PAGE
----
The discussion, which included a myriad of service changes and rate changes, did not include any formal vote or consensus, but did indicate that board members are open to the rate increase. Presented with sweeping proposals that could increase fares by 5% or 25%, Metro Board Chairman Paul C. Smedberg asked staff to come back with a third alternative to consider — a 10% increase .
Even a 25% increase would only cover 30% of Metro’s funding shortfall next fiscal year, a gap that is expected to widen in subsequent years. Board members agree the hole is too big for Metro to cover without more support from local or federal governments, but member Matthew F. Letourneau said a fare increase would show Metro is doing its part.
“I think it will be important for [Metro] to show that we’re trying to close the gap ourselves,” said Letourneau, a Loudoun County supervisor (R-Dulles). “For me, even a modest tariff increase should be part of the package moving forward for further discussion. Because certainly everything in the world, especially here, has gone up in price.
Letourneau noted that Metro has not raised fares for almost five years. He also acknowledged the long waits and frustrating service levels experienced by Metro customers since October 2021, when Metrorail’s regulator suspended the 7000 series for wheel movements in multiple cars. The series accounts for approximately 60% of Metro cars.
“We haven’t provided the level of service we wanted for the past two years,” Letourneau said. “But hey, it’s changing and it’s getting better. We return to where we need to be.
This week marked a turning point for Metro, which has gone through crippling crises in recent years. From the pandemic, which led to an unprecedented drop in ridership, Metro’s recovery has been hampered by ramping up telecommuting, leaving trains less than half full. The suspension of the more advanced subway cars has compounded these problems.
The Washington Metrorail Safety Commission, a regulatory body that ordered the cars out of service, slowly allowed Metro to reinstate them as part of a regimen of regular wheel screenings.
A recent surge in ridership and the need for more trains to ease congestion, combined with plans to open the Silver Line extension, prompted subway officials last week to express frustration at the Commission’s step-by-step approach. That ultimately led to a compromise on Tuesday that allows Metro to use at least 30 more trains and includes steps to reinstate the entire 7000 series in the coming months.
Metro chief executive Randy Clarke said Thursday that Metro was able to operate 18 eight-car 7000-series trains, the most since the suspension began. The transit agency plans to increase that number over the next few months, slowly reducing wait times that typically average more than 10 minutes. Clarke said Metro officials will establish a timeline next week that outlines when Metro will return to pre-pandemic rail frequencies.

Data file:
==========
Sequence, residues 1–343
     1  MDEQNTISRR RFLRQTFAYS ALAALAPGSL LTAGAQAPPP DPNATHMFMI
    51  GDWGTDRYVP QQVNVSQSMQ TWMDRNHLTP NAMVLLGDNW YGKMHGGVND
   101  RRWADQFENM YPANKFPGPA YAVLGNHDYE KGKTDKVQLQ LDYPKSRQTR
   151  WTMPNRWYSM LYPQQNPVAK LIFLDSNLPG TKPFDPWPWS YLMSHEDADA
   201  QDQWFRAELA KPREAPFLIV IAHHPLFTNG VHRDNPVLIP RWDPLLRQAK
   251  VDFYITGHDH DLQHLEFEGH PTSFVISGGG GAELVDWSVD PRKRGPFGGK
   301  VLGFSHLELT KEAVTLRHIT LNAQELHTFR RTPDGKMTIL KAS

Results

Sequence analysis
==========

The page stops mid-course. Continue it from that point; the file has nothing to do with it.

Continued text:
To alleviate the congestion that occurs mostly during weekday rush hours on the Red Line, Clarke said Metro is also deploying additional standby trains to use when congestion increases.
The biggest decrease in wait times, he said, would likely have to wait until Metro reopens the yellow line, which was closed for an eight-month bridge and tunnel repair project that is scheduled to end in May. . The reopened line will provide Metro with better access to a rail yard in Alexandria, allowing greater flexibility in bringing cars in and out for inspections.
Metro’s train shortage had also threatened to delay the opening of the Silver Line extension, an 11.5-mile segment that will serve Washington Dulles International Airport and Loudoun County. As those concerns dissipated, Clarke said he hoped to announce an opening date next week, subject to Metro receiving security board clearances. He said subway workers complete minor tasks, such as installing missing signs, before the agency seeks certification.
The opening of the $3 billion project is four years behind schedule, but Clarke said he’s optimistic Metro can begin passenger service for Thanksgiving trips.
“We’re very focused on opening the line for Thanksgiving holiday travel,” Clarke said at a press conference after the board meeting. “We know how important it is.”
During the meeting, transit officials outlined ways for Metro to increase revenue and reduce costs through service cuts to close out a projected operating budget of $146 million. difference. That hole had previously been projected at $185 million, but subway officials say increased ridership and money from other sources offset some of the amount.
Closing the gap further could require either service cuts, rate restructuring, rate hikes, service reductions, layoffs of up to 1,190 workers, or a mix of concepts presented to board members. Metro is also considering charging flat fares to passengers based on zones, finding subsidies for free rides and a program that would reduce fares for low-income riders.
Of these concepts, board members seemed the most hesitant to move on to rate zones.
“I don’t like the zone fare idea,” said member Sarah Kline. “Honestly, I don’t see the benefit of that over the distance-based pricing that we currently have, because essentially it’s distance-based as it’s been designed here.”
Lucinda M. Babers, board member and deputy mayor for the district for operations and infrastructure, said she was concerned about zoned fares because of DC’s experience with a zoned taxi fare system that the leaders had given up in 2008.
“DC had its own [zone] concept for our taxi system and that was one of the most confusing things, especially for our tourists,” Babers said. “And so we finally got rid of that and moved to the distance-based concept.”